The article headlined “AfBA revival illegal as lawyers groups merged”, quoting the Pan-African Lawyers Union (Palu) president Elijah Banda, as carried in the Star newspaper of July 5, was a deliberate distortion of the true facts about AfBA, deserving clarification and correction.
The African Bar Association (AfBA) was formed in 1971 and was the pioneer pan-African lawyers’ organisation. It was christened “the fearless voice of the legal profession” by virtue of its human and civil rights activism in speaking for the voiceless and the weak. This is did at a time when African countries were young and had just gained independence, and most of its leadership was dictatorial.
The organisation later had its headquarters built in Lagos, Nigeria, by the Nigerian government, and the same was opened in 1991, in a ceremony attended by none other than the then US Vice President Dan Quayle.
The last conference of AfBA was held in Ivory Coast in 1997, and among those in attendance within its membership was the current Ghanaian President Kuffor Ado. The organisation, nevertheless, had its last meeting in 2000.
AfBA went docile and moribund under very regrettable, unfortunate circumstances, but proactive lawyers in Africa started the discussion on how to revive it in 2015. Interim officials were appointed in Dar es Salaam, Tanzania, and confirmed in a subsequent meeting in Abuja, Nigeria, in 2016. This was closely followed thereafter by a rebirth conference in Harare, Zimbabwe, from September 4-8, 2016.
The key speaker at the conference was Justice Navanethem Pillay, the UN rapporteur on human rights. A second conference, whose key speaker will be former Tanzanian President Jakaya Kikwete, is slated for Port Harcourt, Nigeria, from August 6-10 this year. Kenyans have been given a special conference package, starting three days earlier and ending on August 6, to enable them to participate in the forthcoming general election.
The local AfBA chapter was inaugurated on June 20 in a glittering ceremony graced by Attorney General Githu Muigai, LSK president Isaac Okero and LSK Nairobi chairman Charles Kanjama. Present were more than 200 lawyers, including former AfBA chairman (1982-89), our very own Justice (Retired) Lee Muthoga.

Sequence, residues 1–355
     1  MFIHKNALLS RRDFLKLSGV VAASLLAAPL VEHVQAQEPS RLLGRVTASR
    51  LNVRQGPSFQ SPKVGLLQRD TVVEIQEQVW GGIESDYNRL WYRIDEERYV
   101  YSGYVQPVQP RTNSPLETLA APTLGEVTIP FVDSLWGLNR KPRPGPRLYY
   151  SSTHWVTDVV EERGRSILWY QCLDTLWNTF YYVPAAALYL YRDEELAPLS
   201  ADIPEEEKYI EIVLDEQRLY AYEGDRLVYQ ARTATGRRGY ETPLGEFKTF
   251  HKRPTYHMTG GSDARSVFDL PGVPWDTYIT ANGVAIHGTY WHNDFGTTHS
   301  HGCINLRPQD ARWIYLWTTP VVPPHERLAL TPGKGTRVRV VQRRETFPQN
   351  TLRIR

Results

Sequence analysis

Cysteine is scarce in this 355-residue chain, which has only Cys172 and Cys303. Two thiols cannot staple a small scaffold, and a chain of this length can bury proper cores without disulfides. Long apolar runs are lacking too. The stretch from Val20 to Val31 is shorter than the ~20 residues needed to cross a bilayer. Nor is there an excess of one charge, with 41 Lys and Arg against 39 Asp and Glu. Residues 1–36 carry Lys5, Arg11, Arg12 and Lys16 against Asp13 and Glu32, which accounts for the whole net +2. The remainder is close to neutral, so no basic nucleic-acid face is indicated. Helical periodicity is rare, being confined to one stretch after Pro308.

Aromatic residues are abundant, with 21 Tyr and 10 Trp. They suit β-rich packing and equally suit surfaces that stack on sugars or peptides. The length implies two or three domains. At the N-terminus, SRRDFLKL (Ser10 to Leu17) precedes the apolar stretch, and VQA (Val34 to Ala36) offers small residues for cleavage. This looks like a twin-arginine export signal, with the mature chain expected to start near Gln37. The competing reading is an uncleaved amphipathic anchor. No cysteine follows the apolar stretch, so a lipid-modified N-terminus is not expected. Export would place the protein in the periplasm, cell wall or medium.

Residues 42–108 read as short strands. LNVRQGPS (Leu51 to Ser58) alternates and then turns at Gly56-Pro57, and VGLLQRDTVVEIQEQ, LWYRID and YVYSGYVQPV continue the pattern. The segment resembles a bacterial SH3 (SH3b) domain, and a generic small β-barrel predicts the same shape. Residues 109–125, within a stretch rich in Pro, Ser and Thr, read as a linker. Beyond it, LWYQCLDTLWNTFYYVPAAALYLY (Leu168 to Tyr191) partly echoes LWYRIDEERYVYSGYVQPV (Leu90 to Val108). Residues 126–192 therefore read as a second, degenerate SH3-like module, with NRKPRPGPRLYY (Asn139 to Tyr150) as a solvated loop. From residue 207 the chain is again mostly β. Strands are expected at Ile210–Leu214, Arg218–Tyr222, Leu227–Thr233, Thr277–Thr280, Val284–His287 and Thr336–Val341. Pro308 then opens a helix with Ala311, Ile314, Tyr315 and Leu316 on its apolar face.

INSULT TO MEMBERS
For the Palu president to suggest that the revival of the AfBA association is illegal as it had been merged with another non-existent lawyers’ body to form Palu is regrettable and an insult to its members. Is it not a contrast for him to say that article 10 of the African charter on human and people’s rights entitles African lawyers to form as many organisations as they want, then again castigate and suggest that the revival of AFBA is illegal?
The relevance of any lawyers’ association should be in what it should be able to offer its membership, and that is not to forget that AfBA membership is purely for advocates who have been called to the bar, and is therefore not in competition with anyone.
Within two years of AfBA’s revival, it has undertaken several interventions in Africa, more specifically in the Gambia, Burundi and Cameroon crises. In the Cameroon crisis, where lawyers and human rights activists are currently detained by the government for demanding the rights of the Anglophone-speaking region of Cameroon, AfBA has partnered with international criminal lawyers, led by Karim Khan QC, to represent one of the lawyers in detention, even when the Palu secretary general coincidentally is Cameroonian.
In this liberal, democratic, free world, it is not understandable how an organisation would want everyone to believe that they have a monopoly of the existence of lawyer organisations in Africa, at a time when even the most dictatorial regimes in Africa have opened up and embraced democracy and, by extension, freedom of association.
It is therefore in bad taste to paint any organisation in bad light. Let the relevance of every organisation be left to the individual lawyers to decide.
If the dismantling of lawyers’ organisations in 2000, as stated by the Palu president, was due to the small number of lawyers, then the scenario is quite different now. A country like Kenya, which by then had about 5,000 lawyers, now has 16,000 lawyers, while Nigeria has about 250,000.
The needs and interests of all would therefore be diversified and catered for in their choice of whatever organisations they would wish to belong, without having to be whipped to join any particular organisation. AfBA’s being moribund did not amount to its dissolution, and its revival cannot be termed as illegal, as it is a registered association with a registration certificate.
AfBA secretary general Feni Falana, who is among those alleged to have dissolved the association, never had such powers, as he never held any position in AfBA but was an official of the West African Bar Association.
The writer is an Advocate of the High Court of Kenya and the International Liaison Manager, AfBA